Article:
ByMara Mullikin, writer at
I'm an aspiring writer, filmmaker, actress and werewolf.
Mara Mullikin

It's deplorable that racism still exists. The fact that some of our politicians, who are supposed to be diplomats and follow the doctrines of our country, only to manipulate their powers to flaunt this bigotry is beyond reprehensible. Since the Syrian Civil War, terrorist attack in Paris and the rise of ISIS, a fraction of the US's opinion on Middle-East civilians hasn't been favorable (what else is new?). Some elected officials have been paranoid about allowing refugees into the country because they're afraid our national security will be compromised. In fact, PublicPolicyPolling asked Republicans and Democrats if they'd bomb the Middle Eastern region of Agrabah (yes, the fictional city from Aladdin). Astonishingly, 30% of Republicans and 19% of Democrats said they would. In the same poll, 54% of the Republicans reportedly want to keep Muslims out of America.

With all of this transpiring, it's left some speechless. How can today's "progressive" society still have these bigoted beliefs? Especially when we're supposed to celebrate diversity, and treat everyone equally. It's also important to consider children's perspectives of the entire situation, and what they could possibly take out of it. This brings me back to when 9/11 occurred. At the time I was eight years old, and I could remember some of my peers bashing Muslims and wishing them dead. Now, to know this already happening is disturbing. Now, where does Zootopia come into play? And how could it be considered important to watch (especially for children)?

The animal cast of Zootopia
The animal cast of Zootopia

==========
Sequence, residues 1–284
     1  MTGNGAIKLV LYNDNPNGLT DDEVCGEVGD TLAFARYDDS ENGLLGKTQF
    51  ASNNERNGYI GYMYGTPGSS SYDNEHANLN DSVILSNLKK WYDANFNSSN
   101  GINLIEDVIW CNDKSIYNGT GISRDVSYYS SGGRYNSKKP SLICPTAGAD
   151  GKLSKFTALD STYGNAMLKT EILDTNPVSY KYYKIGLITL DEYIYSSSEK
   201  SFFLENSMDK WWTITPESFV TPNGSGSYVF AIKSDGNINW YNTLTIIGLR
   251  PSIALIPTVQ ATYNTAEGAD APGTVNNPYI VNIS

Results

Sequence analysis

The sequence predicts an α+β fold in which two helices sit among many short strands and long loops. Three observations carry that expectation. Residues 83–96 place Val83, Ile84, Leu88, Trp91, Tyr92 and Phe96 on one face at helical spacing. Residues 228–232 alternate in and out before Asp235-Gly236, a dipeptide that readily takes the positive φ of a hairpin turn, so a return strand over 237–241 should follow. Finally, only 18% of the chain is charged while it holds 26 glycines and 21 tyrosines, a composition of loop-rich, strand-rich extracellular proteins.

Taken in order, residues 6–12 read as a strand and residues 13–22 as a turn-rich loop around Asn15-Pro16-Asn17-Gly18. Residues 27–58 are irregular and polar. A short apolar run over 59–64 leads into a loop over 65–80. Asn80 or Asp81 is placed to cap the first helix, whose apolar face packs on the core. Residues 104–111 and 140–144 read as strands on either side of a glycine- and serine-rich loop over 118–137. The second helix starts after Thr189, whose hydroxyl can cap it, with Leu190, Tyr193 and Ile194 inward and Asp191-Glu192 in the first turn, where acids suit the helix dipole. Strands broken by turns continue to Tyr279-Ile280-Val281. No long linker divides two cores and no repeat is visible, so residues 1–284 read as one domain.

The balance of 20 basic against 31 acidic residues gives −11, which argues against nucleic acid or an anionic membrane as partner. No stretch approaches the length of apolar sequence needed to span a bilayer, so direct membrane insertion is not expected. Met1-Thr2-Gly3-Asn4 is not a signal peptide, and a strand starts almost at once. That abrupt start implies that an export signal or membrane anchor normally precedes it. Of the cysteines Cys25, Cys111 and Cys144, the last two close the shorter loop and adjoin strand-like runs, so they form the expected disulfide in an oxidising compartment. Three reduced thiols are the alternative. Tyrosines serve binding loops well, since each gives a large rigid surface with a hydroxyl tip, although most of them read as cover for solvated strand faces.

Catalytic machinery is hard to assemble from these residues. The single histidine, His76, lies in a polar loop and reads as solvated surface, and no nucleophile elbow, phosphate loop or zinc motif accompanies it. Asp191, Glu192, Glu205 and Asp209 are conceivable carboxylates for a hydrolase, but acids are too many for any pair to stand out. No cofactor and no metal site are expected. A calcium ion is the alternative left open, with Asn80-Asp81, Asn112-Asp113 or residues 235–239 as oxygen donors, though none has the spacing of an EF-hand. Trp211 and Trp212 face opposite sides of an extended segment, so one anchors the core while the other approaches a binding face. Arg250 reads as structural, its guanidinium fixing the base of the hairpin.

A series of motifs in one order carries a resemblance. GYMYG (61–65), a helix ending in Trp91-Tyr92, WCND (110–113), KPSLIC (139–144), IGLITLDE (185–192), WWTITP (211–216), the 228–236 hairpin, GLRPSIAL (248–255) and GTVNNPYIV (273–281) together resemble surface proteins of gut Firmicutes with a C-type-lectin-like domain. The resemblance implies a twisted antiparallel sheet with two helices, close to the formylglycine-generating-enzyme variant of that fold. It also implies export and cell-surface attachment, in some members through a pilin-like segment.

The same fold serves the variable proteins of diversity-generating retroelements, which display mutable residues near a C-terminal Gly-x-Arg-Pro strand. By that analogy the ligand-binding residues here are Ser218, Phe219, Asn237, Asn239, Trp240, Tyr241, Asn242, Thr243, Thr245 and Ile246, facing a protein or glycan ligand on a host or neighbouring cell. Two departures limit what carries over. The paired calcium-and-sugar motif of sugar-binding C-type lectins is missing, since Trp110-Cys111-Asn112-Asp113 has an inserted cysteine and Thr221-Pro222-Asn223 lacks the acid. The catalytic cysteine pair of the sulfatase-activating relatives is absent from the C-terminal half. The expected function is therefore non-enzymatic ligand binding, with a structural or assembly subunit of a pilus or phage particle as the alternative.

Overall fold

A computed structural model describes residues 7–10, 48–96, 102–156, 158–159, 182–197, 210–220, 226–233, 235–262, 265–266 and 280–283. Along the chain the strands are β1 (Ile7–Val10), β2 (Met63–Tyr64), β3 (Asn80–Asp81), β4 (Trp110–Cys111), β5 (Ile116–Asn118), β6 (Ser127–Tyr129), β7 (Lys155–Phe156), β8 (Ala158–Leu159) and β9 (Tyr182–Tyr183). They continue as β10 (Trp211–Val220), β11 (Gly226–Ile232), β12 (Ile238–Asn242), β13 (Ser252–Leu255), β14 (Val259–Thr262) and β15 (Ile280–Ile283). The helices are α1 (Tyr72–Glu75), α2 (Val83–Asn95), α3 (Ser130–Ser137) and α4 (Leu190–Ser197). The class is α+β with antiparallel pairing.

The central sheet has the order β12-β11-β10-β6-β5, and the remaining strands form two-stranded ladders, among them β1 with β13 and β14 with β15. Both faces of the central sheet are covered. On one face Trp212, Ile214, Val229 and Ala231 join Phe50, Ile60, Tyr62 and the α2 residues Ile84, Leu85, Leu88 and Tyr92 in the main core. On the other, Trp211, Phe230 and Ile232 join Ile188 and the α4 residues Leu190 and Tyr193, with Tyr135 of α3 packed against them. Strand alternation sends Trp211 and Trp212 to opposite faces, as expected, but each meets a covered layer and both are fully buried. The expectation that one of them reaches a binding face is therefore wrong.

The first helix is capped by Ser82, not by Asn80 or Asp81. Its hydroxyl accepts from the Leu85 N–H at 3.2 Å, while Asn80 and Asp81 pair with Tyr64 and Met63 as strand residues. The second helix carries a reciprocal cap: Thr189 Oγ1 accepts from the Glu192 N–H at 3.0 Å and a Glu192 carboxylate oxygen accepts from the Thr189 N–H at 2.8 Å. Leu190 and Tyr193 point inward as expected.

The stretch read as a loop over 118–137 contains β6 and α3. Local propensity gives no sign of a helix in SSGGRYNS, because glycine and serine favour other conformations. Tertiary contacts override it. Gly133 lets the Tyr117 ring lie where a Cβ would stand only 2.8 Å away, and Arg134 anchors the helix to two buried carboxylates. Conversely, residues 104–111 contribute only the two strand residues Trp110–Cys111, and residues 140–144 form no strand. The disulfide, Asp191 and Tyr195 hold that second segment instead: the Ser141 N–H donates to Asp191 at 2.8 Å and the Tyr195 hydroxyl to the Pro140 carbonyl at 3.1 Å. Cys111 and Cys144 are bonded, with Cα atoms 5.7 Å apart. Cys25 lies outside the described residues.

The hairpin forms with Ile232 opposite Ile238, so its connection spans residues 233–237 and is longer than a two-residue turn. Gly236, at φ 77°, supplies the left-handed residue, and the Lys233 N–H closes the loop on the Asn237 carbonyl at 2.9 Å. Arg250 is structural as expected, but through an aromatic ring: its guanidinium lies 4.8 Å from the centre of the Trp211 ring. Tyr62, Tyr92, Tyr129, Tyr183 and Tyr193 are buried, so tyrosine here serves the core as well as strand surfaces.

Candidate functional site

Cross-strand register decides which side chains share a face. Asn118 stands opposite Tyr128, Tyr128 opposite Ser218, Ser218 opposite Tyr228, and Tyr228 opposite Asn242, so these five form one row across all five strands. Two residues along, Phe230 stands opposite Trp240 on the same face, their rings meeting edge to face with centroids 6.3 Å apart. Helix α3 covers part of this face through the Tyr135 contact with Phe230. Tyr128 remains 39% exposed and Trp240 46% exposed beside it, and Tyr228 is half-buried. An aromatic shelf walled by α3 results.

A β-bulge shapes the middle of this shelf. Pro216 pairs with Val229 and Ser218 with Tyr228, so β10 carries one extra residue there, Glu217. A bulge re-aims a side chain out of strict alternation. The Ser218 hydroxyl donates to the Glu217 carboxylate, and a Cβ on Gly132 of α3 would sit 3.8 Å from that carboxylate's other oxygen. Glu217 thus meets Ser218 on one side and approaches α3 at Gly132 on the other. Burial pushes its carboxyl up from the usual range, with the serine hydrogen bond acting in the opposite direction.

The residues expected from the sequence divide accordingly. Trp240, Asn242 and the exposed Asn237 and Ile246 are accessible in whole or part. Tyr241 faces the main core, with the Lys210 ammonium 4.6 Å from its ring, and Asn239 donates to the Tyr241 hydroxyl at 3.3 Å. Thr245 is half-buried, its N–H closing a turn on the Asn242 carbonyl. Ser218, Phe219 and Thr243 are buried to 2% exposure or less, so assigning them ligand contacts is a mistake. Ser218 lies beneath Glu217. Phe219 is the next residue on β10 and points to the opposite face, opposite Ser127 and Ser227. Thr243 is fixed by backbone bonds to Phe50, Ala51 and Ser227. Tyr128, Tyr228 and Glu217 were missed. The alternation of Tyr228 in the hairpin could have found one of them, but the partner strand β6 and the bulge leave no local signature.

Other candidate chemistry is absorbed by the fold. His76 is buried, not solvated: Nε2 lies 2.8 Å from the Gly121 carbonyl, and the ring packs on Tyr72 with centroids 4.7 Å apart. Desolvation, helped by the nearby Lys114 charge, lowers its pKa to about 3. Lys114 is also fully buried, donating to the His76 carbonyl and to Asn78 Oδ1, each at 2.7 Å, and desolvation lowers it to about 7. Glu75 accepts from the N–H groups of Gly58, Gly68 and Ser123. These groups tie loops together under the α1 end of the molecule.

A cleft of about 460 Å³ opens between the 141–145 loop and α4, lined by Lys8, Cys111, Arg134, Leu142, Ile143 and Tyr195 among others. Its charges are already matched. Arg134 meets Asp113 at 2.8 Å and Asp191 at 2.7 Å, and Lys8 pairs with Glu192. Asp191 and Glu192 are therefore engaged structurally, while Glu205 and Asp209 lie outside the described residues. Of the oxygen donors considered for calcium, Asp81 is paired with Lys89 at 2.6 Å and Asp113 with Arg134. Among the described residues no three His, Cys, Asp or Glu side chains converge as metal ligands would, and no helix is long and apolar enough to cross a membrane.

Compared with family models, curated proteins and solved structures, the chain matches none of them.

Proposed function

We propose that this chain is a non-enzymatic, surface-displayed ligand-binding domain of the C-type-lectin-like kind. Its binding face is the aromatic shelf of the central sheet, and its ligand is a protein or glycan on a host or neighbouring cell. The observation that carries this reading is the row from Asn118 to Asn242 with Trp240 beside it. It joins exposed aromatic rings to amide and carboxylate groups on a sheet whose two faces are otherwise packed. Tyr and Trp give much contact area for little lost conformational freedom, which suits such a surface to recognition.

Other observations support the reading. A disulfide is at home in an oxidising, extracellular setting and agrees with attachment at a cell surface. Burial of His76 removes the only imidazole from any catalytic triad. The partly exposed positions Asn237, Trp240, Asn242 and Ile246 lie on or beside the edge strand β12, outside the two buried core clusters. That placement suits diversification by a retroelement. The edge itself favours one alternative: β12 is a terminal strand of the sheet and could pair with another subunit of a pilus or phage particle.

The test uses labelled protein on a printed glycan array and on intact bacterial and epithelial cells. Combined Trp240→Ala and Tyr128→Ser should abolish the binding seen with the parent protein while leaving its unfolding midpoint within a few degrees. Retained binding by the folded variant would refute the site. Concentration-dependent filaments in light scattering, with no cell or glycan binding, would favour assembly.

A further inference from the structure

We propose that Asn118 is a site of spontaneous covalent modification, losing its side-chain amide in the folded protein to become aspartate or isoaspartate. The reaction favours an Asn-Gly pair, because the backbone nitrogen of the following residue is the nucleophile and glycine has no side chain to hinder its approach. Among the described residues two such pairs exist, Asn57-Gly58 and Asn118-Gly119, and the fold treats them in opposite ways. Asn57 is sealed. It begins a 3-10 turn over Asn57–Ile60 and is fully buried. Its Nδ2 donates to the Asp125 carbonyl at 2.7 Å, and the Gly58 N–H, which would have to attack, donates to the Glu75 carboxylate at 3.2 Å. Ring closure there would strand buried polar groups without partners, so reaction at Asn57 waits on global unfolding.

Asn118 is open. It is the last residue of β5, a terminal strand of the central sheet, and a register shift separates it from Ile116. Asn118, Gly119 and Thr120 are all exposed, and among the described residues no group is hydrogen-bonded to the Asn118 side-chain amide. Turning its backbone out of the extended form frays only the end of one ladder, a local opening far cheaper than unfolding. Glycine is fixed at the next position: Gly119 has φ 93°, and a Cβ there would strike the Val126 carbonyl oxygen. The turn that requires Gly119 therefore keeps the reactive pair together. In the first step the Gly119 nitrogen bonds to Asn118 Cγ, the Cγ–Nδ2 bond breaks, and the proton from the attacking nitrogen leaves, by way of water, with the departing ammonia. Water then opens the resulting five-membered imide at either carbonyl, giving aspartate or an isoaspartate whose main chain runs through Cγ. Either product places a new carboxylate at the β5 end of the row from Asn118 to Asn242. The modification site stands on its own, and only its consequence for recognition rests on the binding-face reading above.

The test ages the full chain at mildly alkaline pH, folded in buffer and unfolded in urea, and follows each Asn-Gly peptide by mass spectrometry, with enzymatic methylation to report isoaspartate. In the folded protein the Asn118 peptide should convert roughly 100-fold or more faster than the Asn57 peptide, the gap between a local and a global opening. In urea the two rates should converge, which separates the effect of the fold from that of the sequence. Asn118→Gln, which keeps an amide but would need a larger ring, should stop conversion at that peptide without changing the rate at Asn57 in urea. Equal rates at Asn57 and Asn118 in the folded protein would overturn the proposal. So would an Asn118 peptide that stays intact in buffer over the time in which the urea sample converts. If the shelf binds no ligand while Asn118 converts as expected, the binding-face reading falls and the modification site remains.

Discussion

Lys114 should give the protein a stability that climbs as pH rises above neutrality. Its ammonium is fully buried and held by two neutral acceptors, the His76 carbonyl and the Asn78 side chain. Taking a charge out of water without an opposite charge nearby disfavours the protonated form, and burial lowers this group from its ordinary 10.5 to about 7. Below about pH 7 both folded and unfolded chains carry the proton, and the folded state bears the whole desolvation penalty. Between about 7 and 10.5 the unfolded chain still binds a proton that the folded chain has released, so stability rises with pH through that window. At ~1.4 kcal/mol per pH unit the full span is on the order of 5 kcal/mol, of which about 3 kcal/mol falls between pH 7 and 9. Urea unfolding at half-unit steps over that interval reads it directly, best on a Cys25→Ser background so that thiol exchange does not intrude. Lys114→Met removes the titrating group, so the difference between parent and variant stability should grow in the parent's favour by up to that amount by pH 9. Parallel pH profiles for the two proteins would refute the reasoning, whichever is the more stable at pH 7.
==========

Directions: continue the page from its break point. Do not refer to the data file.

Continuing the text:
Zootopia is a metropolis where former predators and prey co-exist in "peace and harmony." The city's motto is "in Zootopia, anyone can be anything". Except, this doesn't seem to be entirely true, or at least followed. After the movie's protagonist Judy Hopps graduates from the police academy, she's celebrated for being the first rabbit to join the police force. However, it's later shown that some of her colleagues and Chief Bogo disrespect her and think she can't be a real cop due to her size. Bogo reduces Hopps by putting her on parking duty, even though she's overqualified. Not only that, but when it's revealed that an animal resorted to its primal state and attacked another animal it sent everyone into panic mode. This causes some citizens' with pre-existing speciesism to discriminate other civilians for their "own safety".

This entire setup could serve as an allegory for our current state of affairs. Mr. Big's comment, "we maybe evolved, but deep down we're still animals, hits the proverbial nail on the head. We boast about how far we've come, but some of us are still rooted our old views and ways. The film is said to deal with the animals overcoming their prejudices, and learning to not underestimate or have presumptions about their fellow animals. Instead, they share reverence and civility towards each other.

This can be transferred to reality. We shouldn't generalize a group of people for a separate person or persons' horrific actions. This is especially crucial for young people to understand. If we truly want to live in a world where everyone's accepted and regarded as equals, we need to throw these preconceptions about race, religion and gender. This way we can have a brighter tomorrow. I'm not trying to imply that this movie will resolve all of these issues, but it could provide a sort of catharsis for all of this madness. Make sure to check out Zootopia on March 4!


Do you think Zootopia's society relates to ours?


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